Book review: The Three-Body Problem - A trippy ride through Chinese sci-fi

I’ve never found the scenes of a novel as easy to visualise as I did with this book

Until very recently, China has been a massive dark spot on the map of science fiction — at least, for people who don’t read Chinese. A new wave of translations is changing that. Over the last couple of years, Ken Liu and John Chu, both award-winning science fiction authors themselves, have translated an exciting selection of Chinese science fiction short stories for magazines like Clarkesworld and Pathlight. Now, at last, we have a longer work to sink our teeth into: Ken Liu’s translation of The Three-Body Problem by Cixin Liu (or Liu Cixin, to use the surname-first Chinese convention). First published in Chinese in 2008, it’s the first of a trilogy, and one of the best-selling Chinese science fiction novels of all time.

Overall, it’s an excellent read. Opening in 1967, at the height of the Cultural Revolution, the book centers around Ye Wenjie, the daughter of a physicist murdered by ideological zealots. Ye, a formidable scientist herself, eventually ends up at a top-secret research base in the Greater Khingan Mountains in north-eastern China, where she becomes the first human being to make contact with an alien civilisation — the Trisolarans. Most of the action takes place in the near future, where a much older Ye has become the spiritual head of a shadowy organisation of radical environmentalists so disgusted by human society that they have pledged to help the Trisolarans invade and conquer earth.

The book features frequent digressions into scientific and mathematical detail. From time to time, Liu drops the voice of a narrator and assumes the voice of an engaging lecturer, offering four-to-five page explanations of topics such as cosmic background radiation, logic gates, and the titular three-body problem in physics.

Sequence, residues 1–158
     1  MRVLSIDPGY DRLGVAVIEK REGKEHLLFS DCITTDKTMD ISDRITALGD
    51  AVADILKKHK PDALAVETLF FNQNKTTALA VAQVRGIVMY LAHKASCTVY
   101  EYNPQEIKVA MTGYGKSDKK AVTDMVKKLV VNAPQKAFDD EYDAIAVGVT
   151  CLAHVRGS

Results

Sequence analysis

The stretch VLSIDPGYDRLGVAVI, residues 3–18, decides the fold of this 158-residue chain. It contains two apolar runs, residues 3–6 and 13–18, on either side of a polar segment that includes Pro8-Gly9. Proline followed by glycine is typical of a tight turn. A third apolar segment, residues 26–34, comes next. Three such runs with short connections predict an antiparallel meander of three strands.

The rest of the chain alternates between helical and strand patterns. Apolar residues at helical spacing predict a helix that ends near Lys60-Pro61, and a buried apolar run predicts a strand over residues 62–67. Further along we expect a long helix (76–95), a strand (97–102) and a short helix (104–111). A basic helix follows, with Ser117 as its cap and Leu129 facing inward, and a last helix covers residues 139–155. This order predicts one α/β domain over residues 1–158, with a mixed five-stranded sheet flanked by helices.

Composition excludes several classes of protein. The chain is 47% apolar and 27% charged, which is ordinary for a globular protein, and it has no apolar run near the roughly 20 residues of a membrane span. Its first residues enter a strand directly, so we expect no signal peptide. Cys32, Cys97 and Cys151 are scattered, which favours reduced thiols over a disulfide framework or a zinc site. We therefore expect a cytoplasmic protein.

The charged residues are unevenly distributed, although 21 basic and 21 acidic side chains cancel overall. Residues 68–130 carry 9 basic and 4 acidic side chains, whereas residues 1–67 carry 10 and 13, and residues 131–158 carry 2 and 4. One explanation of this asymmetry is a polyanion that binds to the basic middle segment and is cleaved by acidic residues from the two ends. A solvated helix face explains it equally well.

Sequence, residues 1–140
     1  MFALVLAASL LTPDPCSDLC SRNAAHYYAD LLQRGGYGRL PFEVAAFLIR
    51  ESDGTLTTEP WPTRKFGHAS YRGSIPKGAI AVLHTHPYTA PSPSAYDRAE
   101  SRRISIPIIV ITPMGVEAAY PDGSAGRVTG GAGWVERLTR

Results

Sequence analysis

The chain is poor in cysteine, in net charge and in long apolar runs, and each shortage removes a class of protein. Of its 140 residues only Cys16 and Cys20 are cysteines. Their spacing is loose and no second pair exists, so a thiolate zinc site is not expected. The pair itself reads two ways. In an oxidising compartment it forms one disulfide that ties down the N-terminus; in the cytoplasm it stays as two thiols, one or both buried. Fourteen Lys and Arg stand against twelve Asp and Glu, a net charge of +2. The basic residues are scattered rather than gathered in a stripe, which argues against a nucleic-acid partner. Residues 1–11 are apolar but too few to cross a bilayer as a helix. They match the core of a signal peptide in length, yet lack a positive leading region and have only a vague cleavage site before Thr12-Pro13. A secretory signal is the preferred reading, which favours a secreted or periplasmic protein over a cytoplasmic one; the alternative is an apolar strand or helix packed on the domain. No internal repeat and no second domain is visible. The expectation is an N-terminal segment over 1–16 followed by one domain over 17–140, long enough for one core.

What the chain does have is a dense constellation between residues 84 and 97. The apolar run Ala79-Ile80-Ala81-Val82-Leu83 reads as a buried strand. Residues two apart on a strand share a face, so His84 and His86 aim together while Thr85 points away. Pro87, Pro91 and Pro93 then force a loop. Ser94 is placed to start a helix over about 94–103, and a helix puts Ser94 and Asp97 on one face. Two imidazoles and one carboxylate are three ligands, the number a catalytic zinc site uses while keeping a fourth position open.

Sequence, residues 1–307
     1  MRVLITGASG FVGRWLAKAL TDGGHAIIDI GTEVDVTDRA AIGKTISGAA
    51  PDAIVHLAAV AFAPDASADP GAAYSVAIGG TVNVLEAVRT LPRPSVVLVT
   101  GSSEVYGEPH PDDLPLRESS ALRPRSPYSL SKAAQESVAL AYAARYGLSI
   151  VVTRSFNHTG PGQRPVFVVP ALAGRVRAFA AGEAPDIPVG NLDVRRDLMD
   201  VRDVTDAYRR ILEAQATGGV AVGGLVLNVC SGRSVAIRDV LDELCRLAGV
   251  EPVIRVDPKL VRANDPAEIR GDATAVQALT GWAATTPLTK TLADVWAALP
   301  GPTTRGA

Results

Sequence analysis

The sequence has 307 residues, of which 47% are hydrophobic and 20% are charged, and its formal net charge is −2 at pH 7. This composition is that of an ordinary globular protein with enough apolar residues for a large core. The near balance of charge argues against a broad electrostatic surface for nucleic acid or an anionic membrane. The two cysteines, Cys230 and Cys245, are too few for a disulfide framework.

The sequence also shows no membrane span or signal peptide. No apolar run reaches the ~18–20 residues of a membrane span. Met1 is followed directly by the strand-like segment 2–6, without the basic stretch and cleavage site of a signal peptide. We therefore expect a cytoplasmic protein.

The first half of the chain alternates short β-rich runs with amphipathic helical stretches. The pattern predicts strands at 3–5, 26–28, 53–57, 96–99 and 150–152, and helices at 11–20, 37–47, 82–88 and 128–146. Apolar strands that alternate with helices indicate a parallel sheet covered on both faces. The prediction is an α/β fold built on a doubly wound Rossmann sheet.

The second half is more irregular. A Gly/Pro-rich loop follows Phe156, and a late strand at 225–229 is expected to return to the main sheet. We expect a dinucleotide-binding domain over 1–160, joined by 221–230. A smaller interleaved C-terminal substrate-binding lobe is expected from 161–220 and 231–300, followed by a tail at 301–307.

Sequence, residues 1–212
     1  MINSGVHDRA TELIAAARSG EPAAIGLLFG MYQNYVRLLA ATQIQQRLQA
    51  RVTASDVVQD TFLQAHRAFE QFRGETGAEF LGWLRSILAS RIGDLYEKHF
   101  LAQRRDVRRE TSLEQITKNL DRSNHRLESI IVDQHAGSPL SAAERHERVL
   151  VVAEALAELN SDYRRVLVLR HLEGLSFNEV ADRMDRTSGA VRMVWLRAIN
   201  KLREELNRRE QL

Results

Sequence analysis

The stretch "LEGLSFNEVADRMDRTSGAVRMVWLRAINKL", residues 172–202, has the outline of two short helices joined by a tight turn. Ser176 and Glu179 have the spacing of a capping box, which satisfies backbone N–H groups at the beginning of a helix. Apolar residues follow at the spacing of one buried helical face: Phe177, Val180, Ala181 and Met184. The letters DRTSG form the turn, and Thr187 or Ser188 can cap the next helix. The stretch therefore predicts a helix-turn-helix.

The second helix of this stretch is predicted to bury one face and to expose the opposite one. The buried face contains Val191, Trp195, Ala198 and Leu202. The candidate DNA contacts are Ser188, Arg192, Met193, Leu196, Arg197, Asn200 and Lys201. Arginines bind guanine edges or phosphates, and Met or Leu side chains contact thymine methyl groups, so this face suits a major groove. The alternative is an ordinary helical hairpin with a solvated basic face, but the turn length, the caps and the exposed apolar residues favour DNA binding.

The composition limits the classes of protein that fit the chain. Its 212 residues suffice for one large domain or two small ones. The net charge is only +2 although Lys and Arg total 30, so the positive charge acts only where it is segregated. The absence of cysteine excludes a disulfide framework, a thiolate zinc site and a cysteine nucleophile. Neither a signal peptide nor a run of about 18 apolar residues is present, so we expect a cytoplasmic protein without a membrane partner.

Somehow, these science lessons never weigh the book down. Liu leavens his story with a variety of spectacular side acts. One of these is a virtual reality sword-and-planet game called “Three Body”, through which humans are initiated into the Trisolaran cult. It’s set in a surreal landscape on a world where suns of different sizes seem to rise and set randomly, and where the player encounters Zhou dynasty astrologers, medieval European knights, brutal kings, and Isaac Newton. One highlight of the game is the terrifying ritual of Dehydration, where the residents are flattened into “man-shaped pieces of leather”, rolled up and stacked in huge storehouses for the long winters when the suns are all far away. There is a riddle to solve about the structure of this gameworld, and in some ways these chapters are reminiscent of classic works of “Hard SF” — novels that put scientific accuracy in the foreground, like Larry Niven’s Ringworld or Arthur C. Clarke’s Rendezvous with Rama — only quite a bit more fun.

Liu Cixin writes with an incredible cinematic flair. I don’t think I’ve ever found the scenes of a novel as easy to visualise as I did with The Three-Body Problem (and some credit for this must go to the translator). The chapters set in the remote Northeast evoke the lush, colourful, wide-open landscapes of Zhang Yimou’s House of Flying Daggers or Ang Lee’s Crouching Tiger, Hidden Dragon. (It’s clear from repeated references to classical Chinese painting that Liu is a keen student of visual composition, and he does a remarkable job of rendering those ideas in prose.)